The Sonoran Desert Florilegium

plants of the florilegium

Capsicum annuum var. glabriusculum
Chiltepin

FAMILY:  Solanaceae — Nightshade family

ETYMOLOGY:  The genus Capsicum was described by Carl Linnaeus in 1753. The name is thought to be based either on the Latin capsa, or 'box', a reference to the seed pods, or the Greek kapto, meaning 'to bite', a reference to the pungent taste of the fruits.

The species Latin epithet annuum means 'annual'. Glabriusculum, the variety, means 'somewhat smooth', a description of the stems and leaves.

The common name Chiltepin comes from the Aztec language Natuatl. Chilli was the name of the chile plant in general, and tecpin, or 'flea', specifically described the chiltepin, both in its size and its bite.

OTHER COMMON NAMES:  Bird pepper

GEOGRAPHIC RANGE:  Wild populations occur in southern Arizona and Texas into Mexico and Central America.

HABITAT:  Grows in shaded or semi-shaded areas of canyons and slopes of desert riparian habitats in mesquite and oak woodlands, 3,600 - 4,400'

BLOOMING SEASON:  Summer months with fruits maturing in early fall

DESCRIPTION:  Perennial shrub, 3-5' tall, but may be taller in protected areas without frost.

Thin, delicate branches grow in a zig zag pattern and are openly spaced. Leaves are small (1/2" to 2") and ovate. Whitish flowers are bell-shaped and very small (1/2" in diameter) with five lobes and bluish anthers. They mature into orange-red to bright red fruit that can be round or oval. The fruits grow on sturdy, erect pedicels that hold the berries upright, unlike most peppers that hang downwards. Pea-sized fruits are very popular with birds, particularly the curve-billed thrasher.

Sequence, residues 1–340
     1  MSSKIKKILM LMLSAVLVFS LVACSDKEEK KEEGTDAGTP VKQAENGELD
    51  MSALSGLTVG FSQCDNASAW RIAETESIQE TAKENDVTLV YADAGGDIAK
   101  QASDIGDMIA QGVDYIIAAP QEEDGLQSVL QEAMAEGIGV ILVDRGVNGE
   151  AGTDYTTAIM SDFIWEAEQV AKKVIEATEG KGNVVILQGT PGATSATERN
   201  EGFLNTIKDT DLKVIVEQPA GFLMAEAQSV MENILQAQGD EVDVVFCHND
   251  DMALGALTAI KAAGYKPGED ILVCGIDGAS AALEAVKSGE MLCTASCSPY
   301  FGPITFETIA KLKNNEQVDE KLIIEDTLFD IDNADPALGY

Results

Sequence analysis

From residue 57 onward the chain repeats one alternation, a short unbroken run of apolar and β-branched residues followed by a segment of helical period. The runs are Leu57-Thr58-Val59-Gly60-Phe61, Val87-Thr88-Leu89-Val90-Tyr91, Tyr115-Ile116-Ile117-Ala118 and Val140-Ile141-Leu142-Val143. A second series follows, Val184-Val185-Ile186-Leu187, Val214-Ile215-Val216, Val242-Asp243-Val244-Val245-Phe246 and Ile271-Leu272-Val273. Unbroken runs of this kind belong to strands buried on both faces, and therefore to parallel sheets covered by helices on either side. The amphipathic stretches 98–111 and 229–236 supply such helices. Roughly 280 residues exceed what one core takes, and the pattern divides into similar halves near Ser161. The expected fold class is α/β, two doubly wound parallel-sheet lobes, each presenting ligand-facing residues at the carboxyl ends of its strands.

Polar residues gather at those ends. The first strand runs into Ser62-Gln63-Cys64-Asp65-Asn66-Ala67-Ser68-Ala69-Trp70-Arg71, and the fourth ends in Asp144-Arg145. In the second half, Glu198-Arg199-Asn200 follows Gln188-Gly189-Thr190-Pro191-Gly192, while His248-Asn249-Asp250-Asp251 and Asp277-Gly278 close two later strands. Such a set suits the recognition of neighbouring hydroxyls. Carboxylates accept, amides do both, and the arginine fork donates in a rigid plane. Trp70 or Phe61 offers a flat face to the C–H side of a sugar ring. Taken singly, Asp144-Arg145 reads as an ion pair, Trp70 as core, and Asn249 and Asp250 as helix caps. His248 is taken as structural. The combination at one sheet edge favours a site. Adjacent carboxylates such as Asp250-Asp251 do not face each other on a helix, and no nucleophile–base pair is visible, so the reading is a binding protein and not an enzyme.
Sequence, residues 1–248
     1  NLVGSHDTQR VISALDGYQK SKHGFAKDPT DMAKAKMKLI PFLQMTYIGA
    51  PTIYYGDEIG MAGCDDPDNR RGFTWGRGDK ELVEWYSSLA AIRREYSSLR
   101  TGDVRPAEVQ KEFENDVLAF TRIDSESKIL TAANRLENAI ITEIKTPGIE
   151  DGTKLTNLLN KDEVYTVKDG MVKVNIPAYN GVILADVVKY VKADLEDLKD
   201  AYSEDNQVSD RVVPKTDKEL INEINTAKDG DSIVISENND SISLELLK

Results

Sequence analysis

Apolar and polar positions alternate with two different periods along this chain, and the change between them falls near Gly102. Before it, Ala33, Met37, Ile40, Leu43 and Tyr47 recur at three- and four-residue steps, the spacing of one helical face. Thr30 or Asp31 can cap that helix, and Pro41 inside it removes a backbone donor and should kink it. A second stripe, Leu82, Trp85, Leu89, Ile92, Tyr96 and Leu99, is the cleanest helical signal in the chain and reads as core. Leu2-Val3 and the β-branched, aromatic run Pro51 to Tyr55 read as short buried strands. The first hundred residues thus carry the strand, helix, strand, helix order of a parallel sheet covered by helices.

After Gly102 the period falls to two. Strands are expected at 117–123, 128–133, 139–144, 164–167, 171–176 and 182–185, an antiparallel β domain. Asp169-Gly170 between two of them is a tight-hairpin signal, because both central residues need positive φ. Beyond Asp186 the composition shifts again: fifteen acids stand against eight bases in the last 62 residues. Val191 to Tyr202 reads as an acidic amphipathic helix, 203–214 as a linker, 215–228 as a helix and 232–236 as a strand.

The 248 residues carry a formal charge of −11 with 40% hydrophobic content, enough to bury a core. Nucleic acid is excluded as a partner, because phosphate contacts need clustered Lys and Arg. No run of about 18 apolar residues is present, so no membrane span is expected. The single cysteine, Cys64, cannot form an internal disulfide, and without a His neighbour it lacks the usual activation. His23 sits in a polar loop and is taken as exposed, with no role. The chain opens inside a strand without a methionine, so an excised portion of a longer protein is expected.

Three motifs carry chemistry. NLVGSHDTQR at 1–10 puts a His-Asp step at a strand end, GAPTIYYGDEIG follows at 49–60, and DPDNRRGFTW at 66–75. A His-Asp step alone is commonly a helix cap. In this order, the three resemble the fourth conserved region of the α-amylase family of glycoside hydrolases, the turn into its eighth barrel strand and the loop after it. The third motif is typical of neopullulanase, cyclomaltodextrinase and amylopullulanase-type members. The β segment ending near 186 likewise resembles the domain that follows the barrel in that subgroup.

NOTES:  Sometimes called the "mother of all peppers", the chiltepin is thought to be the ancestor of all New World pepper plants of the genus Capsicum. It has been used throughout its range for over 8,000 years as a culinary seasoning, meat preservative, and medicinal cure-all. It continues to be a popular seasoning and is an important economic crop in Sonora, Mexico.

Chiltepines have a very high Scoville rating (the measurement of pungency in chili peppers), ranging from 50,000 to 100,000 units. Even though its smokey flavor is quite hot, the chiltepin's heat subsides quickly when eaten, unlike most chiles. In wild populations, the level of heat of the peppers can be affected by rainfall, with drought conditions producing less pungent chiles.

In order to thrive in desert areas, the plant requires the presence of a nurse plant—a large tree, shrub, or cactus— or a large group of rocks that will provide shade. Under the right conditions, plants can live for than 30 years.

Throughout much of the plant's range, there has been significant habitat loss for wild populations due to urbanization and grazing. Additional losses occur through overharvesting and damage to plants during harvesting. Chiltepines are protected in the United States in the Coronado National Forest, Big Bend National Park, and Organpipe Cactus National Monument. In 1999, The Coronado National Forest established a 2,500 acre special management area to protect Arizona's largest wild population of chiltepines. The Wild Chile Botanical Area is located just north of the Arizona-Mexico border in the Tumacacori Mountains.